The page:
February 2006

Reports say OS X 10.4.5 cracked for non-Apple Intel PCs

According to new RealTechNews article

“… today a hacker named Maxxuss released a patch which updates MacOS to 10.4.5 and enables it to run on non-Apple Intel-based PCs.”

This hasn’t been covered in the news at all, in fact.

The article links to Maxxuss Release Announcements page, which has ‘Last Updated: 23-Feb-2006‘ information, in fact.

The weblog of Maxxuss, announcing ‘non-official information on Mac OS X for the x86 platform’, is located at maxxuss.theblog.cc.

This was only a week after news about a poetry Don’t-Steal-Mac-OS-X embedded into OS X.

Bypassing SSL in Phishing

here is a bit of “new stuff” (now old) that now becomes partially public from our friends at f-secure, and is very disturbing.

rootkits, ssl and phishing:

haxdoor is one of the most advanced rootkit malware out there. it is a kernel-mode rootkit, but most of its hooks are in user-mode. it actually injects its hooks to the user-mode from the kernel — which is really unique and kind of bizarre.

so, why doesn’t haxdoor just hook system calls in the kernel? a recent secure science paper has a good explanation for this. haxdoor is used for phishing and pharming attacks against online banks. pharming, according to anti-phishing working group (apwg), is an attack that misdirects users to fraudulent sites or proxy servers, typically through dns hijacking or poisoning.

we took a careful look at backdoor.win32.haxdoor.gh (detection added 31 jan, 2006). it hooks http functionality, redirects traffic, steals private information, and transmits the stolen data to a web-server controlled by the attacker. most (all?) online banks use ssl encrypted connections to protect transmissions. if haxdoor would hook networking functionality in the kernel, it would have hard time phishing since the data would be encrypted. by hooking on a high-enough api level it is able to grab the data before it gets encrypted. apparently haxdoor is designed to steal data especially from ie users, and not all tricks it plays work against, for example, firefox.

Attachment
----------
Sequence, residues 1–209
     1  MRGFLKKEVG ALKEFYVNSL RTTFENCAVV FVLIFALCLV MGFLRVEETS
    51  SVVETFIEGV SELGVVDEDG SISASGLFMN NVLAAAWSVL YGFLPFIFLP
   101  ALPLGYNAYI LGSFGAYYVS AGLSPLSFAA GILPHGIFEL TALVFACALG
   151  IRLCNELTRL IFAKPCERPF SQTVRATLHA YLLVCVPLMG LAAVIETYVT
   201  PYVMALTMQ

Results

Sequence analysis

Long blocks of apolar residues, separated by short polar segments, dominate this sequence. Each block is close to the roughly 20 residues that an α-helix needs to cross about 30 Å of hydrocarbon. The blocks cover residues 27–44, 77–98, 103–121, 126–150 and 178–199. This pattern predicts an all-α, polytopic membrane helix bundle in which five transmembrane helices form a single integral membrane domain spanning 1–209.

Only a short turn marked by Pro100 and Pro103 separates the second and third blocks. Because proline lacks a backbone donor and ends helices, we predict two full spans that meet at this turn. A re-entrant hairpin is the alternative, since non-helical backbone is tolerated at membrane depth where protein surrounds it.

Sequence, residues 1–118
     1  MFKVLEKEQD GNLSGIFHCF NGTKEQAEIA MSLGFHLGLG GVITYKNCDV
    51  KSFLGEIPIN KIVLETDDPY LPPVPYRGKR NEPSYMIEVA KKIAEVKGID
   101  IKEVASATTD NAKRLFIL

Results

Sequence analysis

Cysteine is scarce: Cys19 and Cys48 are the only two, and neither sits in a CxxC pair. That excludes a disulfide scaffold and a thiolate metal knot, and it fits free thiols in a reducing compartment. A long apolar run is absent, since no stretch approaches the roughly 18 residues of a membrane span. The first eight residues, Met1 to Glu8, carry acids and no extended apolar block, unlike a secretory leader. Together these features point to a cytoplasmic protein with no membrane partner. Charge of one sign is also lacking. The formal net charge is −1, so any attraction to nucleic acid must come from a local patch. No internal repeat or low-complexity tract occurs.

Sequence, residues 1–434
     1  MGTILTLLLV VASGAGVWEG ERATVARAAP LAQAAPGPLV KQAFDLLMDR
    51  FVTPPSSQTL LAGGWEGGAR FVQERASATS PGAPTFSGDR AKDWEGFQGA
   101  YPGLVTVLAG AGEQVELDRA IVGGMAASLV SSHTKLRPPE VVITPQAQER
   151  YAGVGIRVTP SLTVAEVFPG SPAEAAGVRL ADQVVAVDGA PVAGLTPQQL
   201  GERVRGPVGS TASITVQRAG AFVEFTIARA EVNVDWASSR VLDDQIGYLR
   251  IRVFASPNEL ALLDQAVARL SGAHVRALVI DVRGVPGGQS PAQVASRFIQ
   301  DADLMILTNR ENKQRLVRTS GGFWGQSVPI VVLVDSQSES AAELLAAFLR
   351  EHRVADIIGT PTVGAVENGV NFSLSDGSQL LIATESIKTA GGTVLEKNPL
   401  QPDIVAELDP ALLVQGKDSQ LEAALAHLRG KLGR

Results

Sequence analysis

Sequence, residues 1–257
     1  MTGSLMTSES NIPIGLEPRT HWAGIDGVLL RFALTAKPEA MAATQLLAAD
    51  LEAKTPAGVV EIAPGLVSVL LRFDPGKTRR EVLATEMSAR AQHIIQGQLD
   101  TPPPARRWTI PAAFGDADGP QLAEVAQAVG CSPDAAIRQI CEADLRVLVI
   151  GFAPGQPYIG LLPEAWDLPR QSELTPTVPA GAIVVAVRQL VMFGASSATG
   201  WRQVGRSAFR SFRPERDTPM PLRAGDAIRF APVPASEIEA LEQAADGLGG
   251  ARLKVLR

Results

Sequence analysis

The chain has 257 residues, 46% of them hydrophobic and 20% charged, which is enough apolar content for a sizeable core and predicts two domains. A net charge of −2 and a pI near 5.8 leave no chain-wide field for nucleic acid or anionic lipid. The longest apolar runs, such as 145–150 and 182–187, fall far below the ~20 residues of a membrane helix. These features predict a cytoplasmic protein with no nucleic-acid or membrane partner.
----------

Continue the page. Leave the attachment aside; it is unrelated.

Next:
financial organizations that rely on encryption for security of web transactions can contact me for details on who to actually contact on answers if they haven’t been contacted by now, as this is the least of their worries.

gadi evron,

[corrected the title from: bypassing ssh in phishing]

Several bugs fixed in – Bugzilla

Several security advisories have been released about three fixed security issues on the Bugzilla bug-tracking system. Even systems developed for software bug tracking purposes have their own bugs. 😉

More details about these issues is located at new Secunia’s SA18979 advisory (all issues described), BID16738 (Whinedays parameter issue) and BID16745 (user credential redirect issue). There is no separate Bugtraq ID related to RSS reader title encoding issue (this is more a XSS issue related to RSS readers than bug in Bugzilla itself). A more detailed description about SQL injection type ‘Whinedays’ issue is located at Bugzilla Bug #312498 entry. Secunia’s severity level is Moderately Critical; 3/5. It seems that this vulnerability report is the first rated as Moderately Critical after December, 2003 (Secunia’s Product database has more details if You are interested). FrSIRT rated these issues as Moderate Risk.

From the SA18979 advisory:

#1: Input passed to the “whinedays” parameter in “editparams.cgi” isn’t properly sanitised before being used in a SQL query.
What are the risks of this vulnerability?
This can be exploited to manipulate SQL queries by injecting arbitrary SQL code.
#2: The problem is that some RSS readers decodes encoded HTML in feed titles.

What are the risks of this vulnerability?
This can be exploited to inject arbitrary HTML and script code, which will be executed in a user’s RSS readers session in context of an affected site when the malicious user data is viewed.
#3: The problem is that users may send login requests to an incorrect web site when the URL contains a double slash in the path name.

And what are the risks?
Successful exploitation requires that the login page is a subdirectory of the web root and that the subdirectory is a resolvable address on the user’s network.

Original Bugzilla Security Advisory is located at www.bugzilla.org/security/2.18.4. Because of range of these issues all Bugzilla installations are reportedly advised to upgrade to the latest stable version 2.20.1. The Bugzilla advisory lists old Bugzilla 2.16.x versions as immune, however.

This is interesting:
Related to RSS reader encoding issue Bugzilla “prefers to shift to Atom feeds, where the RFC is unambiguous about HTML markup in feed titles”.

The reporters of these vulnerabilities live in several countries because of worldwide Bugzilla community, for example Teemu Mannermaa is from Finland. Mr. Mannermaa has discovered other Bugzilla issues earlier too, e.g. related to fixed version 2.16.11. Additionally, Myk Melez has been listed at SA17030 published in October too.
The recent Mozilla’s Bugzilla version is 2.20. Linux Kernel project uses version 2.16.10, in turn. Red Hat Bugzilla is one of the popular Bugzilla sites too. According to their Web site version 2.18-rh is in use.

Bugzilla Team didn’t only fixed security issues, the detailed Release Notes pages are located here.